Each year, thousands of adults needlessly suffer illness, are hospitalized, and even die as a result of vaccine-preventable diseases. As a health professional, you can increase awareness about the importance of adult immunization and encourage vaccination. Share fact sheets that can help adults understand why vaccination is so important, and which vaccines are recommended for them. CDC also has posters and flyers that can be used to encourage adult vaccination. With your help, we can improve vaccination rates and ensure that adults have the best protection against many diseases.


exclamation pointRESOURCE ALERT!

The Home Health Quality Improvement (HHQI) National Campaign provides many tools and resources to support immunizations, including:

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Summer Heat and the Risks for Seniors

by Misty Kevech, HHQI RN Project Coordinator

As we enter into the “Dog Days of Summer,” we have seen triple-digit temperatures across a large portion of the U.S. Seniors are at high risk for heat stress, especially related to sudden changes in temperatures. Summer heat also produces violent storms that can disrupt electricity resulting in the lack of air conditioning or fans for cooling.

stay cool

(CDC, 2017)

The Centers for Disease Control and Prevention (CDC) recommends keeping seniors cool and hydrated. Work with patient and family to have an emergency action plan for excessive heat days or power outages.

  • Stay in air-conditioned buildings. Teach patients that fans don’t work well in the heat as their main cooling system.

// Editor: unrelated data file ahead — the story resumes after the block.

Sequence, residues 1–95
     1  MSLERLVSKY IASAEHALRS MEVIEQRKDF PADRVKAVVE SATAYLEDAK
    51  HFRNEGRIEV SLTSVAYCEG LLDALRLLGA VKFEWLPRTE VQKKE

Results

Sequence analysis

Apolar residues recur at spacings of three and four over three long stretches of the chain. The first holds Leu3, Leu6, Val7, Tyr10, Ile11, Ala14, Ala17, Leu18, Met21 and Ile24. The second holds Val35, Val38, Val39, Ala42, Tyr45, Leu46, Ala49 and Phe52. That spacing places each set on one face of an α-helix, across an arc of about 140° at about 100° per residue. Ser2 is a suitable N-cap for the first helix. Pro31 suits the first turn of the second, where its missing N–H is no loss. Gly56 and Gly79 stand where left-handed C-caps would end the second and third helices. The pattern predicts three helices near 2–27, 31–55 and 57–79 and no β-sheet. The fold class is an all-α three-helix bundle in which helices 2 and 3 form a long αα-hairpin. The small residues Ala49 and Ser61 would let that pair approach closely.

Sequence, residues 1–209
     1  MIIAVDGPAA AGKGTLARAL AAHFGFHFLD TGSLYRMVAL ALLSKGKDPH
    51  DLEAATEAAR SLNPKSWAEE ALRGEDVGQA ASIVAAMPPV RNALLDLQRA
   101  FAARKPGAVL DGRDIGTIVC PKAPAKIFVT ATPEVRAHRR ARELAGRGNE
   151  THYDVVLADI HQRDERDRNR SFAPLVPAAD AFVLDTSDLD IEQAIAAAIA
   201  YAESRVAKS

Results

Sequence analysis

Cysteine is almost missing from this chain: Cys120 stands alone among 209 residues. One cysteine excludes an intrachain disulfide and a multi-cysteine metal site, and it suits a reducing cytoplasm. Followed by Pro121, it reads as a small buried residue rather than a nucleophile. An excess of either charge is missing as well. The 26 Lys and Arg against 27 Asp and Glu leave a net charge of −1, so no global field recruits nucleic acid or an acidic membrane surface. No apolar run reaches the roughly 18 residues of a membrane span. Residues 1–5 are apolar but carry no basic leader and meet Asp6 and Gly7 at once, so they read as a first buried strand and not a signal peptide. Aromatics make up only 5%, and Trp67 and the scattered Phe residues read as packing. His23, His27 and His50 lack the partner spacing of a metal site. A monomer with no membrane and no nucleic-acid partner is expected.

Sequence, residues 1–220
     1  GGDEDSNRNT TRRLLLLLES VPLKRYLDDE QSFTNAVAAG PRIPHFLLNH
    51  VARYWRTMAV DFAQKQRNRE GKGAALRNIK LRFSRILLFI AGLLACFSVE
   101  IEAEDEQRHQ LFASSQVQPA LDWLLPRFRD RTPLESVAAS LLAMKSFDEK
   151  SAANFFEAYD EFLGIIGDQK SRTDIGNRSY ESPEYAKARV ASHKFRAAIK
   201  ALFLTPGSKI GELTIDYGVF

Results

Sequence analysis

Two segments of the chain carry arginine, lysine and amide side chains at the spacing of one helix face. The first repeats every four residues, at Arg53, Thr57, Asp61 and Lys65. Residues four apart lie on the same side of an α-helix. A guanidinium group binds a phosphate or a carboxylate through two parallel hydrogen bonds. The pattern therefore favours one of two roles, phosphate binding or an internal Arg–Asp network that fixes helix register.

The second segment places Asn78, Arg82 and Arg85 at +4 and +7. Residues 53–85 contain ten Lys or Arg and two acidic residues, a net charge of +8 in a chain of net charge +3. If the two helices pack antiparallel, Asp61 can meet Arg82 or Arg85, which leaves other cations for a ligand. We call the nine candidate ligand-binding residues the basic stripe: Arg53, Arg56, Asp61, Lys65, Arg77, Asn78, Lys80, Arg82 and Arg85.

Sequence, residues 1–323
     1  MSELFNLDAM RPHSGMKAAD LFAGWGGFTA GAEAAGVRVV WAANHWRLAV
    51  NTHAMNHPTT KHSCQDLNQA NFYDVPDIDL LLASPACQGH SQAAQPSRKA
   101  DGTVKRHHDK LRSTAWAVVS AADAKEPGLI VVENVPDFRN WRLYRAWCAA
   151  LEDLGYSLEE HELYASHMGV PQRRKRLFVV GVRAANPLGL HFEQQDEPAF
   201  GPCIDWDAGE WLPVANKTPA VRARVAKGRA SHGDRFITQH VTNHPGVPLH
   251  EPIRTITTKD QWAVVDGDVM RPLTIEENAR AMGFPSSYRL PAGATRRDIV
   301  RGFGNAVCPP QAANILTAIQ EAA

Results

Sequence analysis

• Have a backup location list, if needed, such as:
      • Home of a friend or family member
      • Local cooling shelter
    • Discuss transportation needs, if applicable.
  • Be proactive in drinking non-caffeine fluids even before feeling thirsty, unless patient is on fluid-restrictions.
    • Ask practitioner about specifics for fluid restriction during hot weather.
  • Avoid using the stove or oven for cooking.
    • Consider microwave, cold foods, or if able, have food delivered from restaurant.
  • Wear loose, lightweight, light colored clothing like cottons.
    • Try to wear shoes that are well-ventilated and socks that repel perspiration.
    • Foot powders and antiperspirants can also assist with sweating even the feet
  • Take cool showers or baths.
    • If unable, use cool washcloths to exposed body parts.
  • Avoid a lot of activity and get plenty of rest.
  • Arrange a system for the patient to be checked on either by family, friends, or neighbors.
    • This could be a phone call.
    • Engage the patient to check on his/her friend and they can do the same in return.

Medications are a concern in the summer heat too. The elderly have other medical problems and medications that can affect the body’s response to the hot temperatures.

  • Antihistamines and anticholinergics, often found in allergy and cold medicines, can decrease the body’s ability to sweat and cool the body’s temperature.
  • Antipsychotics affects the brain center where body temperature is regulated.
  • Beta-blockers, ace receptor blockers, ace inhibitors, and calcium channel blockers slow the heart beat and reduce blood pressure. This makes it more difficult for the body to rid the skin of heat.
  • Ephedrine, amphetamines, and cocaine increase the body’s metabolism and internal body temperature, as well as constricting the blood vessels.
  • Other medications such as diuretics can cause dehydration.